palmetto, all grow in great luxuriance. I
;?ome fine iemons were found on the trees j
whert the Pennsylvania Regiment first
landed here. I have seen on the same ;
tree' young' lemons and blossoms. The I
banyan tree is quite a curiosity ; its foliage
resembles very much the magnolia of our
own State. The tree does not grow tall,
ijut very large. Its branches shoot downward,
and form each a separate trunk.
Over these trees an evergreen vine is spread,
forming a complete arbor. You can imagine
how perfectly beautiful it must look.
Near four thousand troops are encamped
hprp nnw nnfl plovon lVinmsnn/1 ??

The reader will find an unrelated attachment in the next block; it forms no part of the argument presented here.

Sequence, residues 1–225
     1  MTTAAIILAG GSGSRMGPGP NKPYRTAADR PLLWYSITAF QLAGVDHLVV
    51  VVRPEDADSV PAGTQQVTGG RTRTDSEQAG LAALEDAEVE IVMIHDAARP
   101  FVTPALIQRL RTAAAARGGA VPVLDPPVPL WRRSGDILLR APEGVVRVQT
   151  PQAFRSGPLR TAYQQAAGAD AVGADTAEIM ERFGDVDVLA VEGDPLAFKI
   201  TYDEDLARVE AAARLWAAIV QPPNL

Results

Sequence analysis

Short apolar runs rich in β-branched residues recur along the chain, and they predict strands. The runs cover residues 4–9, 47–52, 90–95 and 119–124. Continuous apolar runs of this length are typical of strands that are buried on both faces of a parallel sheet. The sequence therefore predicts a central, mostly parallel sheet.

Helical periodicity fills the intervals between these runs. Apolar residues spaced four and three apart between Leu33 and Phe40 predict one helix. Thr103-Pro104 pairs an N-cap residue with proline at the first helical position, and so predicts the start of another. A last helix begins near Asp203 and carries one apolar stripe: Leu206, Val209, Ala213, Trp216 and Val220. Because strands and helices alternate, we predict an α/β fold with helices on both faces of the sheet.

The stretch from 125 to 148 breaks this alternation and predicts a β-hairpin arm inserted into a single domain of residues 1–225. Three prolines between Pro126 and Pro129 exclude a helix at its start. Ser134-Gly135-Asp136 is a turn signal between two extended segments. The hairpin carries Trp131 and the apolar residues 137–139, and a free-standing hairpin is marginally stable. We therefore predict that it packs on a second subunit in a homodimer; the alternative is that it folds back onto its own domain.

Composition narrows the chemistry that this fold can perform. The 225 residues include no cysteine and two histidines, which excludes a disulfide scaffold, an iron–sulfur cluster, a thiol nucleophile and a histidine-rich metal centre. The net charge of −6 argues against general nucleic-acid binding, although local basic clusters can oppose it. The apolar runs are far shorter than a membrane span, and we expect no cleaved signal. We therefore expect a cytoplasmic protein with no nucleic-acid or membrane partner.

MV?V MWIVt MI?V? WtWVVftS fcltw V4CUII CI II1U1U die
expected soon. The tents are arranged in
streets running from the beach across the
island. The under growth only is cutout,
the large trees are al! left standing. The
white tent cloths showing through the green
foliage, taken in connection with the surrounding
scenery, gives to the whole place
the appearance of enchantment. In the
harbor and about one mile from the island,
seven large ships are lying at anchor, and
in their midst the United States sloop St.
Mary's swings proudly from her anchor,
commanding by her guns the entile port;
the star spanineu banner floats frnm hpr
fore mast, and the signal is answered from
every ship and from half dozen different
quarters of the Island. Off in the distance
is the appearance of land, and far away in
the back ground the heights of St. Juan are
seen. Morning and evening the signal